Incredibly Bad Film Show: Kinky Killers

Dir: George Lekovic
Star: Michael Paré, Beverly Lynne, Brooke Lewis, Mark Belasco

I can only imagine the conversation which took place in the distribution company’s office, with regard to this movie and its original title:

“I think we can use the film, but Polycarp? What’s that again?
“He was a second-century bishop. In Greece.”
[Long Pause]
“Yeah. Well, actually, no. Here’s what we’re gonna do.”
[Reaches for black marker]
“Oh, and I hope you weren’t attached to the DVD sleeve either…”

Hey, presto: say what you like about the quality of the actual movie – and we will have plenty to say there before long, trust us on that – whoever was involved with the marketing was a frickin’ genius. We stumbled across this on cable, so the cover (right) wasn’t even a factor. Frankly, if we had, it might have been a warning, because it would have been one of those cases where the sleeve is clearly trying way too hard. As is, the title was sufficient, along with the presence of veteran character actor Charles Durning. He won three Purple Hearts in World War II, taking part in both the Normandy landings and the Battle of the Bulge, and shows up here in one location, to no real purpose. One can only surmise some kind of gambling debt was involved.

This is not impossible: there have been gangster/movie connections elsewhere, and this feels like the same sort of thing, an ill-conceived vanity project, though this has far less sense of any connection to reality. Bodies – mostly of blonde strippers – are turning up in the streets of New Jersey, with parts missing and tattoos on them the victims didn’t have when they were alive, including the mysterious word, “Polycarp”. The police are baffled. What does it mean? I guess the NJPD do not have access to, oh, Google? Detectives Paré and Belasco are “investigating”; quotes used advisedly, since their methodology is not quite straight from the police manual.

Still, it gets them into the right area: that inhabited by Dr. Jill Kessey (Lynne), a psychiatrist who has been giving therapy to a number of the victims. Yeah, because strippers can regularly afford $200/hour therapists, right? Kessey has an ‘open’ relationship with her boyfriend (and his bad case of back acne), and it turns out he slept with the victims. The cops suspect him. Which means they break into their room, interrogate him in the shower, take him away in his underwear then dump him under a bridge in what looks like Brooklyn, according to Chris. That drooling sound you hear is civil rights lawyers thinking about the possibilities. The trail leads from there to another psychiatrist, Dr. Grace Sario (Lewis), who also has an unconventional approach to therapy, if you know what I mean, and I think you do.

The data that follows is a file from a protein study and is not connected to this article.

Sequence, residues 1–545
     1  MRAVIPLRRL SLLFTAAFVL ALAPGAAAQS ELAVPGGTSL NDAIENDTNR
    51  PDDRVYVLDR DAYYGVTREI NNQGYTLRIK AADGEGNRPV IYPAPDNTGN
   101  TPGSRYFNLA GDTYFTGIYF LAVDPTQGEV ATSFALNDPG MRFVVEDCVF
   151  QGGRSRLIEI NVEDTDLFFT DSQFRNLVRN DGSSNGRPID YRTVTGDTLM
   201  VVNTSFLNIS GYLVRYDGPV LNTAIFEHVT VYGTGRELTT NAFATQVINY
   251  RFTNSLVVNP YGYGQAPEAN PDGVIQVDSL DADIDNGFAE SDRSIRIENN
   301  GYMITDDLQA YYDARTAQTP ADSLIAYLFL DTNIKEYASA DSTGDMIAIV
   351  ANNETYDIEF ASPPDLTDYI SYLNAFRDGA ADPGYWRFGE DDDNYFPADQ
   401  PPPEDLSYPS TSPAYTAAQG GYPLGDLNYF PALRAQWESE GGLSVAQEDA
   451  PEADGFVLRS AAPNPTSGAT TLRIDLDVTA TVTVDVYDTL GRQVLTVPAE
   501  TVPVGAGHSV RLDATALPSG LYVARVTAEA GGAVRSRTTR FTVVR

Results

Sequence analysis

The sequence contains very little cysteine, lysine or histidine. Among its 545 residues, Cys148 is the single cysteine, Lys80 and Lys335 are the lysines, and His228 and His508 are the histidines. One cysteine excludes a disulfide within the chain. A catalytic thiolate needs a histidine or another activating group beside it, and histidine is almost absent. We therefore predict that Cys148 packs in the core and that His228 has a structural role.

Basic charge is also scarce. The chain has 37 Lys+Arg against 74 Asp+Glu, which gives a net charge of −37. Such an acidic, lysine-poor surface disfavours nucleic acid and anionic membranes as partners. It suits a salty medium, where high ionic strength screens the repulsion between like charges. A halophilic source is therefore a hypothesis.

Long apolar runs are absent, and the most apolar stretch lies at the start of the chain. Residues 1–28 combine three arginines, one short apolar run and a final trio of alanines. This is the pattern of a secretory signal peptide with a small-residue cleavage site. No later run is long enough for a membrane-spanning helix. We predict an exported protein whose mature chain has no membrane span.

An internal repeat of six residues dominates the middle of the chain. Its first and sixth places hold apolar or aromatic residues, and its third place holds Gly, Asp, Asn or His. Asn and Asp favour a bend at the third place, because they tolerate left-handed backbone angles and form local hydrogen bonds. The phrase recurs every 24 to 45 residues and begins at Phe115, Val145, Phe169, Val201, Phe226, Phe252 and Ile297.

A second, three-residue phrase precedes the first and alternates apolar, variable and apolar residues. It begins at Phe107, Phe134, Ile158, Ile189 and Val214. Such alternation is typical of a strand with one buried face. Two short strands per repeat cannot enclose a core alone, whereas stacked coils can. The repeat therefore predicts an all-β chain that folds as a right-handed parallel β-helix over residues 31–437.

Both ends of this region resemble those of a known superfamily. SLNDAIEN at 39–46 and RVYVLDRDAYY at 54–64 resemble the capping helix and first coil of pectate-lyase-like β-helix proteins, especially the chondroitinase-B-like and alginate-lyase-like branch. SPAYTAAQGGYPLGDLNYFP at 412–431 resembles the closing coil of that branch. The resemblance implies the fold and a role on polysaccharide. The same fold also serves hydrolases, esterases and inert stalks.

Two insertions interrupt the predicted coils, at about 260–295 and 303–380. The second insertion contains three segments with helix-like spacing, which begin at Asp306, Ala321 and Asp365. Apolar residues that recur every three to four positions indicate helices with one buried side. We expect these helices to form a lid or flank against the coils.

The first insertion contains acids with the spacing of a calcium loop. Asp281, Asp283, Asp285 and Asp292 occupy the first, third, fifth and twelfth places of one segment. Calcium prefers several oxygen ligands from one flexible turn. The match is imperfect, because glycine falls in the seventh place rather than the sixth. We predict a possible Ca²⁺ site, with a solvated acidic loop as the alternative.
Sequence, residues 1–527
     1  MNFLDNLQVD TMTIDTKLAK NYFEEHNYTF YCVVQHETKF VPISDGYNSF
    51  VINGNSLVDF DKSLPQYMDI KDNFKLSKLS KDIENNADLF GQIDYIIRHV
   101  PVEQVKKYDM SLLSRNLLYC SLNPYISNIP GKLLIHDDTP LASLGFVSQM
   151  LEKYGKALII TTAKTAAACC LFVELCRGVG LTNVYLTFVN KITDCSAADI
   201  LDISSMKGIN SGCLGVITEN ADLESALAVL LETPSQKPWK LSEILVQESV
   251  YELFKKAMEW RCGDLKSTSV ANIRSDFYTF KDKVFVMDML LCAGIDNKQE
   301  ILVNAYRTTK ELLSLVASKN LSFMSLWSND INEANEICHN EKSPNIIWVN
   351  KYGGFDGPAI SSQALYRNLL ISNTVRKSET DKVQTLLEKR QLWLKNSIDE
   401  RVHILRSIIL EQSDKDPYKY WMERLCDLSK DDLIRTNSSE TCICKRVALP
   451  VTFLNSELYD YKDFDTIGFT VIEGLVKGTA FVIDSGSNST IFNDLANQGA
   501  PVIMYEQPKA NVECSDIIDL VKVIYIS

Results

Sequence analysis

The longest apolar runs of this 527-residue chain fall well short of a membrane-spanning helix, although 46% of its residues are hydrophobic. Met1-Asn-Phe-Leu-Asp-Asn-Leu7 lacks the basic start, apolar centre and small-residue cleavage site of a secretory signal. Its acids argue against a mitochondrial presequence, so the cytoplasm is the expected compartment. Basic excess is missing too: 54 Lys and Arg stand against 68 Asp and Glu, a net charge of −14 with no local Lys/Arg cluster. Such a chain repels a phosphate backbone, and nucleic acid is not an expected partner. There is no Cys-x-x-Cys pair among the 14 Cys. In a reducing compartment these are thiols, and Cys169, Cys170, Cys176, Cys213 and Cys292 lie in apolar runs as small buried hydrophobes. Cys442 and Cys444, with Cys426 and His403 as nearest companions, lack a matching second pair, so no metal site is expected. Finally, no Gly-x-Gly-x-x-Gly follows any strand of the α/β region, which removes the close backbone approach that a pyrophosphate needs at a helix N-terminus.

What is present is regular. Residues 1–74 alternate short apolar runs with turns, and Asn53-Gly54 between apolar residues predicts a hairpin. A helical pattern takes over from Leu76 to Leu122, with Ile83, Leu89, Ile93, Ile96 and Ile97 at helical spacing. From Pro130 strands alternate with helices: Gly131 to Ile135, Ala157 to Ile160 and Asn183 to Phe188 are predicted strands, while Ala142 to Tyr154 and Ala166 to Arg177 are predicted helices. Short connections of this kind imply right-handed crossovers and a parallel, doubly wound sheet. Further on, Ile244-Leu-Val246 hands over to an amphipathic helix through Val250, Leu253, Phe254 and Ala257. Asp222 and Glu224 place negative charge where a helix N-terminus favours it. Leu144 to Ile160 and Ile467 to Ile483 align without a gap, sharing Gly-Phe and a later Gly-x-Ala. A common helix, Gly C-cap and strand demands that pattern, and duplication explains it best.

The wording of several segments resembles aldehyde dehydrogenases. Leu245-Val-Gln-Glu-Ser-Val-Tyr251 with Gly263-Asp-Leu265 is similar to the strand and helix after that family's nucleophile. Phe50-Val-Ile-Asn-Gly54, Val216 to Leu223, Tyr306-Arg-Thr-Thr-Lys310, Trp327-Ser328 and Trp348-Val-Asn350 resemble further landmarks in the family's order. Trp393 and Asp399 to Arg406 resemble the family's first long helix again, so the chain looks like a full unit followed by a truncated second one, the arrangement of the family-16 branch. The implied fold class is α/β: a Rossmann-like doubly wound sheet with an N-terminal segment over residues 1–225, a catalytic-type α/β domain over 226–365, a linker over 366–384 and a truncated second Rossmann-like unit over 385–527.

The original sleeve with the real Polycarp.
Now, why didn’t they use him?

Ok, so far, it’s been dull in an erotic thriller kind of way, much as you’d expect from Ms. Lynne, the veteran of movies with titles such as The Bikini Escort Company, and the Black Tie Nights series. To describe her as “unconvincing” as a psychiatrist would be putting it mildly, and I needed to convince Chris at the half-way mark to persevere, and had to compromise by re-locating with her from the living-room to the bedroom. I’m glad I did, for it’s only after that point that full-blown religious looniness breaks out. Oh, it had been hinted at, with Pare’s cop found of quoting religious scripture to suspects [probably adding another count to that lawsuit], and if we’d been bothered enough to Google “polycarp,” could have found out its origins before the movie divulged them to us. However, it’s not until the final reel that we discover the truth.

[Spoiler alert, I guess. Though as usual, if you go ahead and watch this one, you should be doing so purely for amusement, rather than the plot.]  The murders are actually being committed by a coven of witches, led by Doctor Sario and Kessey, as part of a ritual with the eventual aim of putting the (very clearly plastic) pieces together, and triggering the coming of Lucifer. As you do. This is all explained in great detail by the perpetrators after they have captured three of the male actors: this is probably necessary, though it has the feeling more of a theology lecture than anything else – if the subjects are tied up, it’s likely to avoid them being bored into unconsciousness by the exposition and toppling off their chairs. Throw in some entirely gratuitous sex scenes before we get to that point, and the movie makes a late surge into incredibly-bad territory.